LNG producers need lateral thinking: Cullinane

AUSTRALIA'S LNG producers need to restructure their supply chain and pay attention to suppliers' ideas as oilers prepare for a new wave of costs that could dwarf the previous construction boom, Deloitte's new national oil and gas leader has told Energy News.
LNG producers need lateral thinking: Cullinane LNG producers need lateral thinking: Cullinane LNG producers need lateral thinking: Cullinane LNG producers need lateral thinking: Cullinane LNG producers need lateral thinking: Cullinane

Bernadette Cullinane started at Deloitte yesterday having moved to Perth from Houston in 2007 to work has Accenture’s Asia Pacific energy lead, to help prospective producers through the investment cycle, capital build and operations readiness phase, just as the Australian LNG boom was starting up.

Just as she saw the boom coming from afar in Houston back then, Cullinane now believes Australia’s gas producers need a radical rethink of their whole supply chain, from exploration and production right through to processing, marketing and distribution.

That means listening to suppliers, because they are often the ones who often come up with ideas, particularly around collaboration, that may enable Australia to capture the next wave of opportunities to optimise production and throughput in a more efficient way.

It took an energy retailer in AGL Energy to flag the possibility of importing LNG to help solve the east coast’s gas crisis, an idea many thought preposterous but one which Cullinane’s predecessor, Geoffrey Cann, said was perfectly within the realms of possibility.

Similarly, Cullinane believes producers need to think radically to be ready for the challenges that are set to materialise in 5-10 years when the LNG glut tightens to help the market support new projects.

With the transition from development to operations, new brownfield expansions are being considered, new markets via things like small-scale LNG and floating storage and regasification units are being developed and the value chain is being restructured.

Given all this, Cullinane believes there are plenty of opportunities for increasing competitiveness through rethinking operating models.

Cullinane said this new stage of evolution for operations, maintenance and developing new sources of gas is “the most important phase because it’s the longest”, as most LNG projects have life spans lasting around 40 years.

“If we look at the operating and capital expenditure that will continue to be invested in the industry, it will be massive to keep these facilities going; even leaving aside any greenfield opportunities, just brownfields it will dwarf the amount invested in the capital projects phase,” she said.

“Now is the time for very lean, new, creative, innovative thinking to make this next phase as great as it can be for Australia and ensure our gas makes it to the markets in the most competitive fashion possible.

“We’re already starting to see some of that with commercial activities where operators are giving the supply chain opportunities to come in with very innovative ideas to consider things that would have been dismissed in the past.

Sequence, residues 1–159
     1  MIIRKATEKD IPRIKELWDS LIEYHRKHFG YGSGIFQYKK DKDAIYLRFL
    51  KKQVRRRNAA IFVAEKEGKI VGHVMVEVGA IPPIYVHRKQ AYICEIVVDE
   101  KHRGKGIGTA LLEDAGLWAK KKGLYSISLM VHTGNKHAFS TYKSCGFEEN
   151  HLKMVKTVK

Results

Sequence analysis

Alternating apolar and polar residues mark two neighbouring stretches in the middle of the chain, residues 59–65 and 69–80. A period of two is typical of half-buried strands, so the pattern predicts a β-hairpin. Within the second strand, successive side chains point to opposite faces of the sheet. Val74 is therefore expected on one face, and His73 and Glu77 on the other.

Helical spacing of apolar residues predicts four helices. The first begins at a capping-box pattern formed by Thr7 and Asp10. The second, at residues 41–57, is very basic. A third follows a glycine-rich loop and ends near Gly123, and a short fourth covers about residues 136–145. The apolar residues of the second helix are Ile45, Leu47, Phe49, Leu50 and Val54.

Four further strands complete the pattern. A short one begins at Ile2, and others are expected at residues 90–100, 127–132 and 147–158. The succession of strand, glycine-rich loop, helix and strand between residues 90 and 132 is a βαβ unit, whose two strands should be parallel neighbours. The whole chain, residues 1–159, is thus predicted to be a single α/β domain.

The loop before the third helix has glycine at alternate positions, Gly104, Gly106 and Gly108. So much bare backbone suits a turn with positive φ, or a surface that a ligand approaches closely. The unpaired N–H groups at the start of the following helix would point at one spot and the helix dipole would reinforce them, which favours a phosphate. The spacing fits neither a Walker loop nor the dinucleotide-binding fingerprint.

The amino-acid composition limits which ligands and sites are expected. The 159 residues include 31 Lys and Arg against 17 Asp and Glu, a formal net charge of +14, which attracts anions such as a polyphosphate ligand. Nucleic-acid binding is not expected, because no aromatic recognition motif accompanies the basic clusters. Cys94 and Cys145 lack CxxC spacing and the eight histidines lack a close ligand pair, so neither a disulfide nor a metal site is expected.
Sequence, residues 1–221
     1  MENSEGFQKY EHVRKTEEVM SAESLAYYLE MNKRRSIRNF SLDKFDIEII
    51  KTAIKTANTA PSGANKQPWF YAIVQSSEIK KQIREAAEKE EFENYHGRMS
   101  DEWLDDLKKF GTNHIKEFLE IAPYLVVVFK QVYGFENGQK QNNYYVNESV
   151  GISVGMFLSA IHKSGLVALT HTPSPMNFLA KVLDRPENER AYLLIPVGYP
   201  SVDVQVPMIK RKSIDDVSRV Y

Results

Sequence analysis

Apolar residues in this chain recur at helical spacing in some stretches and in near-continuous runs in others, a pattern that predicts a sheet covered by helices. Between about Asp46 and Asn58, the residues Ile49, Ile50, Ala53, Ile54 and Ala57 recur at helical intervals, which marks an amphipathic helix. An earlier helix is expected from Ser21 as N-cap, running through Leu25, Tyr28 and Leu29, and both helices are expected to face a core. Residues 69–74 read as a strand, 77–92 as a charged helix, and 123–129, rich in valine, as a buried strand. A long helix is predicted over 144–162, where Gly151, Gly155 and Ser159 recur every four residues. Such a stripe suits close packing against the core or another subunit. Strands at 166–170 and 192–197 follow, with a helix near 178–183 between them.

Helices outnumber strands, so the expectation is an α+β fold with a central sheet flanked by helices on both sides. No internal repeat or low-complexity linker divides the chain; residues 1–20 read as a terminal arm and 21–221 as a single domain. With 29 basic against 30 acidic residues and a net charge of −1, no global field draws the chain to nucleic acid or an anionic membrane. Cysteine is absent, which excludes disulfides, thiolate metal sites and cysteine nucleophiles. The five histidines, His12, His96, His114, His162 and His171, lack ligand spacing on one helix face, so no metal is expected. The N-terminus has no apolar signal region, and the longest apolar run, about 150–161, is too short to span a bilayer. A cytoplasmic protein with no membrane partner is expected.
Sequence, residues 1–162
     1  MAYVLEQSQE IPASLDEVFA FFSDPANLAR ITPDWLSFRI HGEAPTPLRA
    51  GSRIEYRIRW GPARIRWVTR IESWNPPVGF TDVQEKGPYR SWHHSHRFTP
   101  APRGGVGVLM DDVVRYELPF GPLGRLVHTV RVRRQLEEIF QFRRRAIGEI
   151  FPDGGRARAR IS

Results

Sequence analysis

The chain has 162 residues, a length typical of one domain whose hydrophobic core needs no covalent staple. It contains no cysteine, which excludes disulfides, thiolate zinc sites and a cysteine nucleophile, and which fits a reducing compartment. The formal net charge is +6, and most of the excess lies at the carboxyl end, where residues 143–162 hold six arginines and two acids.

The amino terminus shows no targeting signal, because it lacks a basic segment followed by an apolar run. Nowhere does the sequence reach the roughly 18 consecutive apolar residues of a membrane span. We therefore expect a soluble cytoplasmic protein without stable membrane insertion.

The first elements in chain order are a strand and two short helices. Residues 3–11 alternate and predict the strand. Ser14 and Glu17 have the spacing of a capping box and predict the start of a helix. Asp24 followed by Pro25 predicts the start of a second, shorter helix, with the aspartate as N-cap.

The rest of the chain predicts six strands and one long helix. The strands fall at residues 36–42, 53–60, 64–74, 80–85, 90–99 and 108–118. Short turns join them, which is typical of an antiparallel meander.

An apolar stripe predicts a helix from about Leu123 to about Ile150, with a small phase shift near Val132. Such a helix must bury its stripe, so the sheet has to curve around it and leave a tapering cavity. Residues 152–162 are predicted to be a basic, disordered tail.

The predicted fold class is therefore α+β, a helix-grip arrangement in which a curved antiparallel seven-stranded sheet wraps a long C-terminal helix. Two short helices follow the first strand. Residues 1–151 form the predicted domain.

“It’s important that these opportunities are seriously considered, and that means thinking differently, creatively and reducing the adverse opposition to new ideas. It is about optimising existing facilities for the next 10 years but doing it in a different way.”

The concept of listening more to suppliers on innovative ideas to optimise throughput in an efficient way via collaboration will come to bear in a big way if Chevron Corporation and its peers follow through with suggestions from a senior executive in Perth last month about how best to extend the throughput of LNG facilities in Western Australia’s far northwest.

Chevron Australia general manager, asset development Gerry Flaherty cited US Geological Survey estimates that the Carnarvon Basin still holds some 127 trillion cubic feet of gas discoveries.

He suggested an “interconnected basin” development to ensure WA’s 45 million tonne per annum LNG capacity does not decline next decade.

Flaherty used almost identical language as Cullinane, saying that if industry can “unlock the collaboration prize”, it could continue strong throughput through to 2038 and beyond, as industry had proven it could compete on exploration, shipping and development costs.

Cullinane said industry needed to “crack the collaboration nut”, which includes welcoming ideas about how to tap the LNG world’s ever-expanding universe of markets.

“Producers need to consider where their markets are and shore them up domestically and globally with additional infrastructure with things like terminals floating storage and regasification facilities,” she said.

“More mid-to-small scale LNG markets are opening up, with more technology to support them to capture the significant amounts of untapped gas Australia still has.”

These markets include LNG for transportation purposes via marine and trucks, as well as smaller-scale industrial applications.

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